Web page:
Streamlining and standardizing the ATF FFL inspection process is needed as there is increased demand for ATF inspectors to conduct explosives licensee inspections. In November 2002, the Safe Explosives Act imposed new requirements that increased the number of explosives licensees and directed ATF to conduct on-site inspections of explosives licensees at least once every three years. This additional workload has reduced ATF’s ability to inspect FFL-holders.
DOJ’s review of inspections data for the first five months of FY 2004 found a precipitous decrease in the number of compliance inspections. From October 2003 through February 2004, ATF completed just 1,113 FFL compliance inspections. At that pace, the DOJ said, ATF would complete fewer than 2,700 FFL compliance inspections during FY 2004 – less than half the number the agency reported that it completed in FY 2003 and less than 2.6% of the FFL population.
The DOJ report concluded that ATF’s FFL inspection program is too limited and inconsistent to ensure that FFLs comply with federal firearms laws. ATF’s lack of standardized inspection procedures results in inconsistent inspections of FFLs and significant variation in the implementation of the inspection program by field divisions. Little correlation was found between longer inspection times and outcomes such as criminal referrals and adverse actions taken.
The DOJ further concluded that to ensure all FFLs are treated consistently, and that the FFL inspection program is as efficient as possible, a national ATF policy should require that inspections be conducted in a uniform manner, that inspection procedures are limited to the steps needed to accomplish a valid review, and that violations are processed in a uniform and appropriate manner.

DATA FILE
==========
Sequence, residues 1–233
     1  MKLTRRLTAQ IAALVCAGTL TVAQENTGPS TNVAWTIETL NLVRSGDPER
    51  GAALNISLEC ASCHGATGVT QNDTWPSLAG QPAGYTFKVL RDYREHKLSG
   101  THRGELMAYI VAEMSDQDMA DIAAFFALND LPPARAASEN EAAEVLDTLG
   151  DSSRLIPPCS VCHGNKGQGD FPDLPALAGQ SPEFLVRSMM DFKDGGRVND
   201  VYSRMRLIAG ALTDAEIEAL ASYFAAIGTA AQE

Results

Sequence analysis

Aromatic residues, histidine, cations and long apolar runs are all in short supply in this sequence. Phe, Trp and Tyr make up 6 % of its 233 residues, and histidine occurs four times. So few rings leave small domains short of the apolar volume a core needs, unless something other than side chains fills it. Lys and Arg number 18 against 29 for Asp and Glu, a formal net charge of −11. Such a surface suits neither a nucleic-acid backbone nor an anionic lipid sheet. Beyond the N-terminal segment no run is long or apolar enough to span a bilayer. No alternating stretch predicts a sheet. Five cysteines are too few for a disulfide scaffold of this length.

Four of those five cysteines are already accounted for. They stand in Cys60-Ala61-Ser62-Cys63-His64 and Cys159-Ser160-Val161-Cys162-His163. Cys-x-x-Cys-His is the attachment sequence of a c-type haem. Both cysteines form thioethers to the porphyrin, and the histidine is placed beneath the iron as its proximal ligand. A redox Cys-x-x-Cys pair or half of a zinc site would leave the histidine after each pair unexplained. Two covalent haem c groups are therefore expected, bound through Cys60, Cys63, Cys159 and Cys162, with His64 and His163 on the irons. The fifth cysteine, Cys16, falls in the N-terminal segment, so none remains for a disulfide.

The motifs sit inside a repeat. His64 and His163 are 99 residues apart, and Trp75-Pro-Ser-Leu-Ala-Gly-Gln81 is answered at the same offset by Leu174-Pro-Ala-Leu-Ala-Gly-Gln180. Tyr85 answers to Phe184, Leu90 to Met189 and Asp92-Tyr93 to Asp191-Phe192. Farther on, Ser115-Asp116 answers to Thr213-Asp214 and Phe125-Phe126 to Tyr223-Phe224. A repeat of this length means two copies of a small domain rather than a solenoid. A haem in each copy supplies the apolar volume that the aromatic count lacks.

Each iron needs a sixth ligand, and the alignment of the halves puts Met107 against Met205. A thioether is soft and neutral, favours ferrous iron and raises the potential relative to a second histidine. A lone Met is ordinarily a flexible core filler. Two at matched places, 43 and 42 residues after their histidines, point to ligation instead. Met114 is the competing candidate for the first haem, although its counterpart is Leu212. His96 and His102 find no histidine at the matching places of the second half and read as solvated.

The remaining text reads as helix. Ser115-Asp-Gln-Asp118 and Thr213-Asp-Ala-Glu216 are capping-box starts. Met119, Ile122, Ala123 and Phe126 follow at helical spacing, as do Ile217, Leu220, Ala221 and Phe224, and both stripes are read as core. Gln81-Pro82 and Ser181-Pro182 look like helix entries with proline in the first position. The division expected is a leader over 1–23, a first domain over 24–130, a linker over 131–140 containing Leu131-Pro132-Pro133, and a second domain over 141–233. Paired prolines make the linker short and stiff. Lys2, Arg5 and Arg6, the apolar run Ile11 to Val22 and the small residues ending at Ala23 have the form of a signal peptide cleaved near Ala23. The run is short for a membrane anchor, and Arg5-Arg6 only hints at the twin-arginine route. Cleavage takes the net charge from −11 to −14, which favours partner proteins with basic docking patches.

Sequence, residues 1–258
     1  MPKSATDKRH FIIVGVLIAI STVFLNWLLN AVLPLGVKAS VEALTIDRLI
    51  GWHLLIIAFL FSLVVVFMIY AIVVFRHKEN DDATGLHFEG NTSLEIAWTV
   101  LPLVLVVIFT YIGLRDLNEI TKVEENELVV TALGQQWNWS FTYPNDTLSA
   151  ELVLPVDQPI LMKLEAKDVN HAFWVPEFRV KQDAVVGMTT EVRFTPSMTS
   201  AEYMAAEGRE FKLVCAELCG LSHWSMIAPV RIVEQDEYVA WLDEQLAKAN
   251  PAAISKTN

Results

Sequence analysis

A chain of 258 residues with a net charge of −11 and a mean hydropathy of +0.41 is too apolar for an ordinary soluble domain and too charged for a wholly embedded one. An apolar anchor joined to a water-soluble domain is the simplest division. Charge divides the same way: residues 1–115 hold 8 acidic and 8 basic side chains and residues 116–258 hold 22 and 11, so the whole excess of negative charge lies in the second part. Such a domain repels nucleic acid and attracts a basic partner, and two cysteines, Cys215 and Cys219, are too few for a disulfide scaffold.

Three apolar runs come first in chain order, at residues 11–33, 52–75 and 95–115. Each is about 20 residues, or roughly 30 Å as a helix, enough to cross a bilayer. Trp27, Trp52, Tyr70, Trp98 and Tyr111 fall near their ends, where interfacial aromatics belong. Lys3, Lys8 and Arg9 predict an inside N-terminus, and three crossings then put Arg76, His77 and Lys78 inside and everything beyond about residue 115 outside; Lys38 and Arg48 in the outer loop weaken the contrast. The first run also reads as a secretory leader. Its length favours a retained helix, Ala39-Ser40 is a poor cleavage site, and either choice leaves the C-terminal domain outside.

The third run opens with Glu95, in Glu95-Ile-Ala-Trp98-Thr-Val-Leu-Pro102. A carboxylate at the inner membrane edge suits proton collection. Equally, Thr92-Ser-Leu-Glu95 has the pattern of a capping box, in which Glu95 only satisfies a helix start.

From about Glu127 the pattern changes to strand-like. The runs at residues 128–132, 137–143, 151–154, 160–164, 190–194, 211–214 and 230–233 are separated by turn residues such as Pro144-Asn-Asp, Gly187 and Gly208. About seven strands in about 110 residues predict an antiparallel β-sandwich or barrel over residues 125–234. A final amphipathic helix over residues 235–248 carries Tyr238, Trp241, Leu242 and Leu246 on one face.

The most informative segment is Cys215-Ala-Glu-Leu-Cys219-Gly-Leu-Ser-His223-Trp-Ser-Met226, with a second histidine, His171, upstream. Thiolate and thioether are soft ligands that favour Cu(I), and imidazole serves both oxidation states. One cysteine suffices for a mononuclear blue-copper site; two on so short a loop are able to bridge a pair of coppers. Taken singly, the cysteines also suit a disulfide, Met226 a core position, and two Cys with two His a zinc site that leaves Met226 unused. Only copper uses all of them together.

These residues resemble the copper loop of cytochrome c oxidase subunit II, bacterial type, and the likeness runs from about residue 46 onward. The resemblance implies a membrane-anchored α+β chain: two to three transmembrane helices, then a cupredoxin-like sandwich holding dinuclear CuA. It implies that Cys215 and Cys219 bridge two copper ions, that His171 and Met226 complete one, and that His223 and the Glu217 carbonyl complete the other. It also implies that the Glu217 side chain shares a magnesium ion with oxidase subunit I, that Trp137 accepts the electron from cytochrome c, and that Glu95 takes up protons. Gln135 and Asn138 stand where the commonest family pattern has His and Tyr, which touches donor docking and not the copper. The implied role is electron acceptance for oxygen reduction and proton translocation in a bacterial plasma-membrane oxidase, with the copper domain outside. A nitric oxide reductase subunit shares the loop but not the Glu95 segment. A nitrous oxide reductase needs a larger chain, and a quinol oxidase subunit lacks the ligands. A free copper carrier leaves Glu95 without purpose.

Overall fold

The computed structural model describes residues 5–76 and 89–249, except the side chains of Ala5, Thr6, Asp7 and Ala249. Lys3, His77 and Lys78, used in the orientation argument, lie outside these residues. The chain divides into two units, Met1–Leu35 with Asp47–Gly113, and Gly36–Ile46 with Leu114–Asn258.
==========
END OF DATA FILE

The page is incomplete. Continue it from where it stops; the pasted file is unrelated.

Among the recommendations DOJ made to ATF are:
- The development of a standard, streamlined inspection process that includes in-person inspections of all FFL applicants; more efficient inventory and records reviews; automated inspection reporting; and consistent examination of indicators of firearms trafficking.
- Develop alternatives for better aligning inspector resources with the distribution of FFLs, such as by redrawing field division boundaries or realigning personnel.
- Direct the National Licensing Center to develop an adverse action tracking system to monitor the progress and timeliness of FFL denials and revocations from the time an inspector makes a recommendation until the proceedings are finalized.
- Continue coordinating with the Department of Justice, Office of Legislative Affairs, to gain the authority to suspend or impose civil penalties on FFLs that violate federal firearms laws.
- Develop a model for accurately identifying potential firearms trafficking through the analysis of an FFL’s firearms sales volume and the number of firearms traced to the FFL.
Notices of Revocation are not final. Of the 30 Notices in FY 2002, 25 FFLs requested a hearing and 3 avoided revocation. (FY 2003 data was unavailable.) The ATF can also effectively revoke an FFL’s license by denying his or her request for license renewal, and in FY 2001, the ATF denied 28 requests for renewal.
ATF’s Response to Report
While not agreeing with all of the conclusions in the DOJ report, ATF’s director, Carl J. Truscott, said the agency will take a number of steps in response, including:
- The requirement to conduct in-person inspections of all FFL applicants in 14 metropolitan areas.
- A new requirement instituted in June 2004 mandating that if an application inspection is not conducted in-person, an in-person compliance inspection must be scheduled in the first year after the license is issued.
- Issuing guidelines for conducting FFL inspections which provides guidance on the period of records review, when complete inventory verifications must be performed, and establishes the number of Form 4473s to be reviewed. It also gives guidance on referring potential trafficking cases to ATF agents.
- Developing a Focused Inspection Work Plan that concentrates on trafficking indicators.
- Coordinate with DOJ to gain suspension, fine, and offers in compromise authority.
The author is the publisher of the small arms industry’s two most widely read professional trade newsletters, The New Firearms Business, which covers the domestic U.S. industry, and The International Firearms Trade, which covers the industry from a global perspective. His firm also makes available mailing lists of FFL-holders to aid firms direct marketing efforts. He may be reached at: FirearmsB@aol.com
|This article first appeared in Small Arms Review V8N5 (February 2005)|